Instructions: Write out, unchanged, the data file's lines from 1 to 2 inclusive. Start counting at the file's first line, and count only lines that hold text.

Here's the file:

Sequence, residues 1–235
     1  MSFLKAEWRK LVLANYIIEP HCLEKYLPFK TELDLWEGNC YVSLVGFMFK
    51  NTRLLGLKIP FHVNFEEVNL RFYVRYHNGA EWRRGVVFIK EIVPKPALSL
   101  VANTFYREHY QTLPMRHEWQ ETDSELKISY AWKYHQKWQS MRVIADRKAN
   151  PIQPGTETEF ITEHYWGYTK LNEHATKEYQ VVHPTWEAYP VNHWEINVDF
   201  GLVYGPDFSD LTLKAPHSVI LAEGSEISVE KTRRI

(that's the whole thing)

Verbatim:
Sequence, residues 1–235
     1  MSFLKAEWRK LVLANYIIEP HCLEKYLPFK TELDLWEGNC YVSLVGFMFK